Keeping our kids safe on the roads this holidays.
Each year we partner with the Little Blue Dinosaur Foundation for their “It’s Holiday Time” campaign, promoting child pedestrian safety, with a focus on the school holiday period.
We are offering a FREE Holiday Time Safety Education Session for your school. To find out more and book a session with one of our Education team members, visit our Schools program page.
Grab your FREE copy of 'Tom's Holiday'
We’re providing free copies of this picture book to help your children and students learn how to be safe on the roads this holiday time. Offer available to all Preschools and Primary Schools in the Port Macquarie-Hastings region.
More about Little Blue Dinosaur Foundation
The ‘Holiday Time’ road safety program aims to reduce child pedestrian injuries and fatalities, with road trauma still the most common cause of death for Australian children according to the Australian Institute of Health and Welfare. The program reminds children and their carers to hold hands near roads and around our busy areas and reminds drivers to take care and be alert for kids – when driving during busy holiday periods.
During the holiday period we place signage at popular holiday locations and areas with increased child pedestrian activity such as parks, beaches and shopping centres. The sign’s messages remind parents and children to hold hands near roads and for drivers to slow down and be aware of children in the area. These locations present an increased risk as children can be prone to excitement and unpredictability in a millisecond, especially when about to engage in fun recreational activities with family and friends.
Roads are complex and ever-changing environments making them difficult places for children to navigate safely. Children under 10 are at an increased risk of injury near roads, driveways and car parks due to legitimate cognitive, physical and perceptual limitations. These limitations include:
Eyesight: Children are unable to identify safe places to cross and rely heavily on visual cues to determine their behaviour. Their peripheral vision is not fully developed until their optic nerves have matured in their teenage years. Education and exposure to the traffic environment has been proven to dramatically increase a child’s ability to use their peripheral vision.
Cognitive limitations: Children are unable to cope with sudden changes, they are easily distracted and tend to focus on only one aspect within a complex roadway environment. They also have much slower reflexes than adults, making stopping immediately more difficult, as the brain tries to process information and co-ordinate with the body to completely halt when asked.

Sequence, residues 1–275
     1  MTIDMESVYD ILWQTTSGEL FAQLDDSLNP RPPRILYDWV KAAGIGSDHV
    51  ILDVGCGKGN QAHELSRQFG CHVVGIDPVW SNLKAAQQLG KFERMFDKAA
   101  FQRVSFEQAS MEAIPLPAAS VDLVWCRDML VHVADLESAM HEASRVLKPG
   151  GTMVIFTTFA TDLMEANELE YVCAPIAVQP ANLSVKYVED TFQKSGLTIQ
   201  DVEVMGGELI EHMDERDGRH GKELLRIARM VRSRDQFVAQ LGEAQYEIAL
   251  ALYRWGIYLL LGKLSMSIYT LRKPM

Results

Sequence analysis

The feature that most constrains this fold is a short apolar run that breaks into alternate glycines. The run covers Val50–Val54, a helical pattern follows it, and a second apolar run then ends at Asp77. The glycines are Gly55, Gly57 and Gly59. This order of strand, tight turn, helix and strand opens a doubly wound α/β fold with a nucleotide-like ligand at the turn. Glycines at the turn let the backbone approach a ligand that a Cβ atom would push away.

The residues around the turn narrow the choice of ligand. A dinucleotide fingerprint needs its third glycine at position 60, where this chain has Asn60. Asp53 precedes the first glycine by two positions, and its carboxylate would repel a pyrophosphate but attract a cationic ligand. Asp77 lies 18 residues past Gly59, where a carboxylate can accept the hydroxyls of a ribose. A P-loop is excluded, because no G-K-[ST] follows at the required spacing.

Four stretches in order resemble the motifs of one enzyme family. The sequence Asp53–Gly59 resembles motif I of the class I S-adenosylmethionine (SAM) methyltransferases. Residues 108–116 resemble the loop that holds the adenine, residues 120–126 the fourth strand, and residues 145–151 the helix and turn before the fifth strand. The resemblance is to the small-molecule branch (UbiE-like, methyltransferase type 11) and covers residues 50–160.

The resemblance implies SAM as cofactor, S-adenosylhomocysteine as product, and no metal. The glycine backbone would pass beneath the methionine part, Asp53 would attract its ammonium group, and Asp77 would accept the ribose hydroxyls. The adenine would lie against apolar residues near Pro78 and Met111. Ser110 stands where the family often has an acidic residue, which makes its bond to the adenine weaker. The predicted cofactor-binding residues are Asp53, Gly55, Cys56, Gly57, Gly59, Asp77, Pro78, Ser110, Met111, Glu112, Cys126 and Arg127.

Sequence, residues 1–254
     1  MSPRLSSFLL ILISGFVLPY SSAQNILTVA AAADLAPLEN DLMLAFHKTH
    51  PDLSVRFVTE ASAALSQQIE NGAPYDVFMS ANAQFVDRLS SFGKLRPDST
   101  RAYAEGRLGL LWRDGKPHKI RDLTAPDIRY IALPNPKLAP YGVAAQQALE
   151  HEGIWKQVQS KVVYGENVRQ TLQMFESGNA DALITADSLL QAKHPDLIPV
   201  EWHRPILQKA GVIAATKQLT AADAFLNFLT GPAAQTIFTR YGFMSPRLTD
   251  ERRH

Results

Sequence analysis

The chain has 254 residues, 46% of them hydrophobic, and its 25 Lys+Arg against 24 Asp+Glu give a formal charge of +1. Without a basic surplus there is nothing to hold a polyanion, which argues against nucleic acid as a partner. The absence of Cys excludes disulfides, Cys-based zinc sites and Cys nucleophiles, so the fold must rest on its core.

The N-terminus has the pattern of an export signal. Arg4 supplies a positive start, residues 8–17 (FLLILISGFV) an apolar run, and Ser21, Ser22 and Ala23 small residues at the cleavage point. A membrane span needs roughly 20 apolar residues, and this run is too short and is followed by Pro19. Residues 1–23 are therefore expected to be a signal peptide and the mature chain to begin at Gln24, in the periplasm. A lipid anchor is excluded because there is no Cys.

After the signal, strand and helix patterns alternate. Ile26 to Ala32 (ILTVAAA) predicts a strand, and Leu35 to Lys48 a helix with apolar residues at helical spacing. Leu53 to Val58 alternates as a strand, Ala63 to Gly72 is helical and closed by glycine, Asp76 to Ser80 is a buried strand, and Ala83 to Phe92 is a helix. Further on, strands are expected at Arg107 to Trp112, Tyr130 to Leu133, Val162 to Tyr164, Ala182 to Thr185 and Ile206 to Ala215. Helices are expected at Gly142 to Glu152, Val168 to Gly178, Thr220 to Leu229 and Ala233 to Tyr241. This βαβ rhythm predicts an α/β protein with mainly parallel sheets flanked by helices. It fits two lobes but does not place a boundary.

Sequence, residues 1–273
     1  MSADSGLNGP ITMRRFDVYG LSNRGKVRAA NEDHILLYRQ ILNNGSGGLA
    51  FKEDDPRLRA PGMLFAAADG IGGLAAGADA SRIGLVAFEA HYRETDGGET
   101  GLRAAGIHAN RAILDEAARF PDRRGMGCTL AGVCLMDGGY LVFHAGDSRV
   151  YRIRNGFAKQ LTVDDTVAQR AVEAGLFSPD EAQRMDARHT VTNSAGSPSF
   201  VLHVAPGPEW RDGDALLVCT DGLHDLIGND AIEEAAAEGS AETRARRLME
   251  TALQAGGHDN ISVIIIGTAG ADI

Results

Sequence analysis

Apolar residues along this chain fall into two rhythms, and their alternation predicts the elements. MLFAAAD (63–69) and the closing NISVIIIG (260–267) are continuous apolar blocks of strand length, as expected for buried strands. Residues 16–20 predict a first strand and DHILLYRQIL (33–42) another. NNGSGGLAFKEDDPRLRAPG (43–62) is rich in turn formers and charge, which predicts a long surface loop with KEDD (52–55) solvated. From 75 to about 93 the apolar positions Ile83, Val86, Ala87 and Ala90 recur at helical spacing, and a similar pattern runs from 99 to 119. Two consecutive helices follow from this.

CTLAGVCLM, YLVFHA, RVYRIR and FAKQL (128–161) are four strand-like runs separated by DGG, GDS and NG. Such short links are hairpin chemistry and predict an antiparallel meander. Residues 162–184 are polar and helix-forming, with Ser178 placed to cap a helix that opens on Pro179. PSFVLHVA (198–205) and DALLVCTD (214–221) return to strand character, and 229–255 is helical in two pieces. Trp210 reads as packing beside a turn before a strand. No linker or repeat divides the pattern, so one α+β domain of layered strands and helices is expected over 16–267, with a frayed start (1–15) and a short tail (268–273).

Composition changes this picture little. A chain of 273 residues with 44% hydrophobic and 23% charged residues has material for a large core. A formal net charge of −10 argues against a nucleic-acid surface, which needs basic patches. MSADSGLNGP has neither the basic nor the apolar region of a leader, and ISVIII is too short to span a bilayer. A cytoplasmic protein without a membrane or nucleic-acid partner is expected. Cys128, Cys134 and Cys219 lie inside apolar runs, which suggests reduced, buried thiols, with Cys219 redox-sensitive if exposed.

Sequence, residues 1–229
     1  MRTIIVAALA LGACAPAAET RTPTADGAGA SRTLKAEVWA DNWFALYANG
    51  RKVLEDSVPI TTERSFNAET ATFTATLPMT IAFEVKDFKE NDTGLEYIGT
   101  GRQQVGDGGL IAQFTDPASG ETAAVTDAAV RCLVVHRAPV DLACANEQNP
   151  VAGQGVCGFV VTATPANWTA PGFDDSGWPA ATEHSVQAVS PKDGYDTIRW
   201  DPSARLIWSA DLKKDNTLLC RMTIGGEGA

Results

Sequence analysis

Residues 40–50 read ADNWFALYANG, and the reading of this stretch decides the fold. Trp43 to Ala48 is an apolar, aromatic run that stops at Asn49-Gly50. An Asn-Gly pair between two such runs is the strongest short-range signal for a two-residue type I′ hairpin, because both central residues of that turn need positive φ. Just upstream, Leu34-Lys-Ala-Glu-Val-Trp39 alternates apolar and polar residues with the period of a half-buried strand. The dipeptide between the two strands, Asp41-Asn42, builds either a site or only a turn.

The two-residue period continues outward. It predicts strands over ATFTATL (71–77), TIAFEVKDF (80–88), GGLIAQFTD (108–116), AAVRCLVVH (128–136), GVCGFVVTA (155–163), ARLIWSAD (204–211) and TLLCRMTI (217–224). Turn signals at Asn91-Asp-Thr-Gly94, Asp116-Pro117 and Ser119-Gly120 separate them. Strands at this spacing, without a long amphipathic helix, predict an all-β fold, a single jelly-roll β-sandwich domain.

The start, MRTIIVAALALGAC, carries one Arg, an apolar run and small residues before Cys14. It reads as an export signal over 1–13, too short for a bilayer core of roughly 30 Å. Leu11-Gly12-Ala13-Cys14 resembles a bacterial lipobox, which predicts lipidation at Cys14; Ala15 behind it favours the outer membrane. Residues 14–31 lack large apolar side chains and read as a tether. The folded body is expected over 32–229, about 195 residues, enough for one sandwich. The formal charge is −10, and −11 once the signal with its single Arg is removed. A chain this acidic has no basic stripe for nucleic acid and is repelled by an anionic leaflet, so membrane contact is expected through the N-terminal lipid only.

Height: Lack of height means children are limited in their abilities to assess the roadway in its entirely and correctly judge the changing traffic environment to make safe choices.
Hearing: Children are unable to accurately predict the origins of sound and are limited in using sound as a measurement of distances from objects, such as moving vehicles.
Children also rely heavily on visual cues to determine the road edge. In urban areas there is usually a clearly defined road edge such as a curb or gutter along with signs or railings. In a lot of popular holiday locations such as beaches and parks, the road edge is less clearly defined and grass or sand may join directly with the road. In these environments it is increasingly difficult for a child to determine where the median strip ends and the road begins.
For parents and carers, it is important to hold the hand of children when near roads, driveways and parking lots and to have conversations with children about how to behave near roadways. For drivers it is important to slow down and be vigilant of children at all times, but especially during holiday periods and when driving near popular holiday hot spots as children can react impulsively and are still learning to anticipate driver behaviour and identify safe crossing locations.
Information sourced from the Little Blue Dinosaur Foundation and “Tom’s Holiday” book by Michelle McLaughlin.